a claim under § 1985.” Bisbee v. Bey, 39 F.3d 1096, 1102 (10th Cir. 1994) (internal brackets and
quotation marks omitted).
Plaintiff alleges that the § 1985 conspiracy claim “stems from . . . targeted retaliation and
discrimination against B.P. for her attempt to enforce her First Amendment right to report sexual
harassment[.]” Resp. at 1. Defendants’ alleged motivation was a desire to intimidate B.P. into
waiving her legal claims. Resp. at 3. But Plaintiff does not make any allegations that this desire
was founded in racial or other class-based discriminatory animus. Plaintiff quotes Lessman v.
McCormick, 591 F.2d 605, 608 (10th Cir. 1979), for the proposition that “cases which have
recognized under § 1985, classes which are not racially based, have stayed close to the areas
protected by the First Amendment.” Resp. at 11. Plaintiff appears to contend that the § 1985
claim is actionable because the rights of which Defendants allegedly conspired to deprive B.P.
were grounded in the First Amendment. This argument is misplaced. Regardless of the origins of
the right deprived, the conspirators must have been motivated by class-based animus. See Scott,
463 U.S. at 833–34 (§ 1985 claim based on deprivation of First Amendment right to association
requires “some racial, or perhaps otherwise class-based, invidiously discriminatory animus
behind the conspirators’ action.”).
While Plaintiff acknowledges the requirement for class-based animus under § 1985(2)
and (3), she contends that this element is adequately alleged because Defendants conspired
against B.P. based on her attempted exercise of her First Amendment rights, thereby denying her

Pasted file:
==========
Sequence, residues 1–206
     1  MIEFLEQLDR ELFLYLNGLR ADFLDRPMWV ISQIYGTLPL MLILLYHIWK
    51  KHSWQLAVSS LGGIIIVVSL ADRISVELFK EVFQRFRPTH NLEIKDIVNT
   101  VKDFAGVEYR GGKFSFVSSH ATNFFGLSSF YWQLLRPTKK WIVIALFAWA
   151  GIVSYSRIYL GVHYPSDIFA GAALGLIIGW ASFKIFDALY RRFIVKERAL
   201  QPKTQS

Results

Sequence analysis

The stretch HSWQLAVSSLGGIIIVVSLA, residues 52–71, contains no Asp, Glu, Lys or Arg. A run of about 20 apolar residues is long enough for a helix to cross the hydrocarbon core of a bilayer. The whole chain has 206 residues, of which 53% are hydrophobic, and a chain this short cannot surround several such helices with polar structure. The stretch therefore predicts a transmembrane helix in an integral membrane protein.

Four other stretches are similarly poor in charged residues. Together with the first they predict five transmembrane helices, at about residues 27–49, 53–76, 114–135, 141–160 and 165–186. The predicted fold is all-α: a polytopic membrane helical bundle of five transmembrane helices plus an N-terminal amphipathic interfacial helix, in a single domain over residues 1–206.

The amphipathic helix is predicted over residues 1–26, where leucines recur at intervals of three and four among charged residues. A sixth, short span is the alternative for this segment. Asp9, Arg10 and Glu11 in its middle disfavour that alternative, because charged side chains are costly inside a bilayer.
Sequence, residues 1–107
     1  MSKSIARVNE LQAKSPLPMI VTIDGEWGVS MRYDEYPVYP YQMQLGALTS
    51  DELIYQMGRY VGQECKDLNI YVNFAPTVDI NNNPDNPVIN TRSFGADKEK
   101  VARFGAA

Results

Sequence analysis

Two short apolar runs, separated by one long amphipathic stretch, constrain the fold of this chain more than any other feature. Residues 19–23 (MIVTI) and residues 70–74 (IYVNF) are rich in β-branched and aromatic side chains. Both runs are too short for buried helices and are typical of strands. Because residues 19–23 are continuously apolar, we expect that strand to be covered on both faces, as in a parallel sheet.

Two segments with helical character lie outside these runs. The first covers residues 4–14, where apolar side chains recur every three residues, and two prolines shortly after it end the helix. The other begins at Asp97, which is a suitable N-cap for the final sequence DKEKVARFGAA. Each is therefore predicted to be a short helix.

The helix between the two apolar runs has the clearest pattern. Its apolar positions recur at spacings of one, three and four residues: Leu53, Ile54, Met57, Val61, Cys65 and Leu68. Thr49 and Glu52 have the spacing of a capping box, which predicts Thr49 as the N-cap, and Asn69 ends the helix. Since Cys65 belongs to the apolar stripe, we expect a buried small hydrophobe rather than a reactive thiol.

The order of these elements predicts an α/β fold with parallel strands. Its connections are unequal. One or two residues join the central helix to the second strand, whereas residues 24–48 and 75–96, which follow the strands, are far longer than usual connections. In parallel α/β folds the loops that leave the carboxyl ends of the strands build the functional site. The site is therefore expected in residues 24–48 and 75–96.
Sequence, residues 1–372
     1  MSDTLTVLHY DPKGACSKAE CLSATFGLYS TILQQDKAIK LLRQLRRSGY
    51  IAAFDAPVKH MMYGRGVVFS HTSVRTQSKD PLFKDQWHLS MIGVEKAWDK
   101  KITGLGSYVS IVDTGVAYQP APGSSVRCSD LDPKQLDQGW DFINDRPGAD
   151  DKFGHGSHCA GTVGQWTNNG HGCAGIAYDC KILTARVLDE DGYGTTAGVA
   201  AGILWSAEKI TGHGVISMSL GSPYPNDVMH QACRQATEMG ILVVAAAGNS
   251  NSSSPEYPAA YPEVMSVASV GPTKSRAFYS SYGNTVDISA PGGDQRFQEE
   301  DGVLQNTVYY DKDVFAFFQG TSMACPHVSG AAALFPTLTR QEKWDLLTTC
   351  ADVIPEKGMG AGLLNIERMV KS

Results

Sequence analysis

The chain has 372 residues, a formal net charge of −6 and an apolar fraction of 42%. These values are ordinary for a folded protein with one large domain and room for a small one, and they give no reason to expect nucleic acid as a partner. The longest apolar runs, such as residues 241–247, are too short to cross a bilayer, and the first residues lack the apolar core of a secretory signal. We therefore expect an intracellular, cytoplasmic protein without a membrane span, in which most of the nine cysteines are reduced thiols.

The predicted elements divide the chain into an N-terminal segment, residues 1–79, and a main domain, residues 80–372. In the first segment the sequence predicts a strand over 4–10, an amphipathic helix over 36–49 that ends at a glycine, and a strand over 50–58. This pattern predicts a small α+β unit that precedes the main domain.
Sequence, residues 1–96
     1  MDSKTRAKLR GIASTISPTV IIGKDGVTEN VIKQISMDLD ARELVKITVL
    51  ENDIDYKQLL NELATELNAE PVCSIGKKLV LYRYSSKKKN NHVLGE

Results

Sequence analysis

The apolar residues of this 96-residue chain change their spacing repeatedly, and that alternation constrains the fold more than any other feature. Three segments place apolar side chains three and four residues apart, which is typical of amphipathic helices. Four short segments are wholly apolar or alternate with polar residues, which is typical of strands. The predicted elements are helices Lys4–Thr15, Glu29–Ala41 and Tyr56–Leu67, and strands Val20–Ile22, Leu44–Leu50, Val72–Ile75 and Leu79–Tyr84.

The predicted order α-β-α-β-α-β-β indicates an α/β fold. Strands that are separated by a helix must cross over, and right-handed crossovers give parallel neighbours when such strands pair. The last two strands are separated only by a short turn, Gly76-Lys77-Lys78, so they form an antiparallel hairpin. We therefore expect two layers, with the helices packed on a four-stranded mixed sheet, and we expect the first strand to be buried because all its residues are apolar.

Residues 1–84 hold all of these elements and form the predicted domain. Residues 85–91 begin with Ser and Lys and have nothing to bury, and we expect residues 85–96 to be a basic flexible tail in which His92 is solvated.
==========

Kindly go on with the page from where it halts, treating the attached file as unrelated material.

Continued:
equal protection as a class of one. See Resp. at 15–19. But for the purposes of § 1985, the class
cannot be defined only by Defendants’ alleged interference.
Whatever may be the precise meaning of a “class” for purposes of Griffin’s
speculative extension of § 1985(3) beyond race, the term unquestionably connotes
something more than a group of individuals who share a desire to engage in
conduct that the § 1985(3) defendant disfavors. Otherwise, innumerable tort
plaintiffs would be able to assert causes of action under § 1985(3) by simply
defining the aggrieved class as those seeking to engage in the activity the
defendant has interfered with. This definitional ploy would convert the statute into
the “general federal tort law” it was the very purpose of the animus requirement to
avoid. As Justice BLACKMUN has cogently put it, the class “cannot be defined
simply as the group of victims of the tortious action.”
Bray, 506 U.S. at 269 (internal citations omitted); see also Royal Oak Entm’t, LLC v. City of
Royal Oak, Mich., 205 F. App’x 389, 399 (6th Cir. 2006) (rejecting the premise that a “class of
one” equal protection theory can support a claim under § 1985); C & H Co. v. Richardson, 78 F.
App’x 894, 901–02 (4th Cir. 2003) (same); Burns v. State Police Ass’n of Mass., 230 F.3d 8, 12
n.4 (1st Cir. 2000) (suggesting that § 1985 does not extend to class-of-one claims). I therefore
conclude that Plaintiff has failed to allege any class-based discriminatory animus as the
motivation for Defendants’ actions, so has failed to state a claim under § 1985. Accordingly, it is
unnecessary for me to consider Defendants’ claim of qualified immunity.
IT IS THEREFORE ORDERED that Defendants’ motion to dismiss Plaintiff’s Section
1985 conspiracy claims for failure to state a claim (Doc. 43) is GRANTED and those claims are
WILLIAM P. LYNCH
UNITED STATES MAGISTRATE JUDGE
A true copy of this order was served
on the date of entry--via mail or electronic
means--to counsel of record and any pro se
party as they are shown on the Court’s docket.